Best Practices for Protecting Your IP When Doing Business with a Chinese Company – Part 2
In Part 1 of our two-part series on the 9 Best Practices for Protecting Your IP When Doing Business with a Chinese Company, we covered some of the best practices surrounding the legal aspects of working with China:
1 – Carefully Evaluate the Overseas Electronic Contract Manufacturing Companies IP Risk
2 – Keep Up to Date on the Latest IP Laws and Regulations
3 – File IP Copyrights, Patents, and Trademarks in China
4 – Register Your IP with China Customs
5 – Track and Protect IP Information
But how are some Chinese companies exploiting the IP of U.S. manufacturers? By producing counterfeit goods based on your designs and plans, stealing trade secrets, invalidating legitimate trademarks and patents, and even using more advanced methods such as reverse engineering existing products in order to produce “knock-off goods” and building parallel distribution networks to compete with legitimate networks.
These actions can seriously impact your market share and the cost of doing business if they are not addressed properly. In recent years the Chinese Government has done a better job protecting U.S. IP, but there are several steps you can take to help protect your businesses IP.
7 – Select Your Business Partners Wisely
Only partner with overseas manufacturers, suppliers and distributors that you have conducted extensive due diligence on before signing any agreement. Carefully evaluate each of their IP policies and protections and make sure that they are robust enough for your products and processes. Make sure they include IP protection clauses in all contracts and agreements. Be sure to educate any business partners on the importance of protecting IP and provide them with resources to help with this process when applicable.
8 – Develop Manufacturing Processes That Protect Your IP
The manufacturing process is one of the parts most vulnerable to IP protection breakdowns. Some of the processes you can put into place to help mitigate this risk include:
- Setting up the building or production area with separate work areas that have access carefully controlled within them to assure that few or no employees know the entire process.
- Break up critical parts of the design and production processes to limit the likelihood of one or more employees having complete access to the entire process the IP cannot be copied.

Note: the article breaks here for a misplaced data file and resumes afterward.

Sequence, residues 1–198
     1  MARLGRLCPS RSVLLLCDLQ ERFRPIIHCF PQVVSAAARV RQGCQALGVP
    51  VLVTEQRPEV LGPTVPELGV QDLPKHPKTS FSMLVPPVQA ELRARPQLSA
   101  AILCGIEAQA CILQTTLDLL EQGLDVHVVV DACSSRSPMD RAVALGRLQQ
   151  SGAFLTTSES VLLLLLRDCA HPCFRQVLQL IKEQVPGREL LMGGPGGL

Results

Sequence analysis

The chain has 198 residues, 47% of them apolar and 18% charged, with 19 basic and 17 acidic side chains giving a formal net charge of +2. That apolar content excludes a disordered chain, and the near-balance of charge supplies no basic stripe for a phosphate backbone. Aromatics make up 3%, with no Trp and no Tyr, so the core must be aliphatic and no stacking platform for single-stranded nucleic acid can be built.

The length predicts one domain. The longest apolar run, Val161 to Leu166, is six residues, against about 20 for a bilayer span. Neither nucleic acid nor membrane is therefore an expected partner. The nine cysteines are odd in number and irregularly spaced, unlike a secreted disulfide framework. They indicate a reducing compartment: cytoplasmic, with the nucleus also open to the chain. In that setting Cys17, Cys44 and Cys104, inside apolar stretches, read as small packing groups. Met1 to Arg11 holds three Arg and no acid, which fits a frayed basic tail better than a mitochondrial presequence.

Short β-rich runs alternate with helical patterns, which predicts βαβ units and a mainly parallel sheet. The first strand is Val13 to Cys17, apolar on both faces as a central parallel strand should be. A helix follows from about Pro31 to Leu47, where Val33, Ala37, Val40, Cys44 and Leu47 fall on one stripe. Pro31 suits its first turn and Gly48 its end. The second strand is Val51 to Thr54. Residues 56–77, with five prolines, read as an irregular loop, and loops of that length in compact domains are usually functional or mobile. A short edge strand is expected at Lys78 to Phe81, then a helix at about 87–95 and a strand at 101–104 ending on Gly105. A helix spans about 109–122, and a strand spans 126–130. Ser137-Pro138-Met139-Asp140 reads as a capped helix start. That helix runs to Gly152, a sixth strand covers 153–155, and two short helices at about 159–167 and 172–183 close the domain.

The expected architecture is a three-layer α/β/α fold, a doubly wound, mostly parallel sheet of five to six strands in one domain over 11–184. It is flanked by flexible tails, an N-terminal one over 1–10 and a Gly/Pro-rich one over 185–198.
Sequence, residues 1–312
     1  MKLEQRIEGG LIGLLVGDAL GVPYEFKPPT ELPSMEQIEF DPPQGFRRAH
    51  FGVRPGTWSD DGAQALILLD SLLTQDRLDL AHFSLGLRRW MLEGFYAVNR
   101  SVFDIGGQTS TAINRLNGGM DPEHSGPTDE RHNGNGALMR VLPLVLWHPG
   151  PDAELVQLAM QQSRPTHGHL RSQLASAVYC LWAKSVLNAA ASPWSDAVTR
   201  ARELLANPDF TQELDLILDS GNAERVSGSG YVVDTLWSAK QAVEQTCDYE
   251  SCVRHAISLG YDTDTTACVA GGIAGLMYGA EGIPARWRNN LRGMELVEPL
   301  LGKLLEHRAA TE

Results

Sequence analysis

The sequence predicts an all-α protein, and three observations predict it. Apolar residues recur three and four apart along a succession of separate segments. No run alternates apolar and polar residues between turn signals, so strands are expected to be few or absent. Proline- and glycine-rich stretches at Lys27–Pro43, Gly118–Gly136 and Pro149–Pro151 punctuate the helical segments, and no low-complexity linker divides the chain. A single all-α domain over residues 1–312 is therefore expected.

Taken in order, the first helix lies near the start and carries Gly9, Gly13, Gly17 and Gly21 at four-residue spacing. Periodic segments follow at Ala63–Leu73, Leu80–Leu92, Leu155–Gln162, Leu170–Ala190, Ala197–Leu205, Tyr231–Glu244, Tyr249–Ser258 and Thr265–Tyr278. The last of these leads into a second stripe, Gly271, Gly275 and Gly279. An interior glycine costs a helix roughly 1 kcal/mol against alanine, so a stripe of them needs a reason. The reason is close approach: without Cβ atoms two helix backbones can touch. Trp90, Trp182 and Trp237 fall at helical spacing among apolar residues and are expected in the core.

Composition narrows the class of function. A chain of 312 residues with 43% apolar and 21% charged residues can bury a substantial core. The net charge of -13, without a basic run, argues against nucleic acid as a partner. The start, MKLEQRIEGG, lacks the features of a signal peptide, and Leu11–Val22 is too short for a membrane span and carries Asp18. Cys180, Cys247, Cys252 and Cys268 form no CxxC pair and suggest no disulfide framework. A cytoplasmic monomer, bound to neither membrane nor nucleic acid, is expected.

- Incorporate technology or techniques that make the process difficult to copy such as specialized inks, labels, stamps, other unique identifiers to limit the ability to copy the IP or duplicate the IP manufacturing process.
- Limit access to sensitive areas, critical equipment, and important information based on the manufacturing employee’s job title and work function.
- Make sure that the employees have detailed confidentiality, non-compete, and non-disclosure agreements in place as a condition for hire.
9 – Use a U.S. Electronic Contract Manufacturing Company
Another option–and probably the best option–is to avoid the need to manufacture your electronics overseas in the first place. There are many benefits of using a domestic electronic contract manufacturer, but choosing to manufacture electronics in the U.S. also provides the following benefits surrounding IP processes:
- Extensive IP protection for copyrights, patents, and trademarks.
- Consistent enforcement of IP agreements with straightforward legal processes to resolve disputes.
- An educated workforce of employees who are well trained and paid with little incentive to steal your IP.
- No need to file paperwork for copyrights, patents and trademarks in multiple formats and languages resulting in saved time in the production process.
- Manufacturing domestically is less risky than transferring IP to China, especially for cutting edge, latest generation products which may be more wanted by unscrupulous electronic contract manufacturers.
- No need to coordinate IP protection with an overseas team that may not have as strong of a commitment to protecting your IP.
- Laws, regulations, and judicial rulings enforcing IP law don’t need to be reviewed to make sure that they are valid under Chinese law.
- Fewer opportunities for foreign companies to steal critical IP, or use that IP to create counterfeit goods or set up illegitimate distribution networks for these products.
- Reduce legal expenditures considerably because there is no need to have a large legal team in place in China.
This concludes our two-part series on the 9 Best Practices for Protecting Your IP When Doing Business with a Chinese Company.
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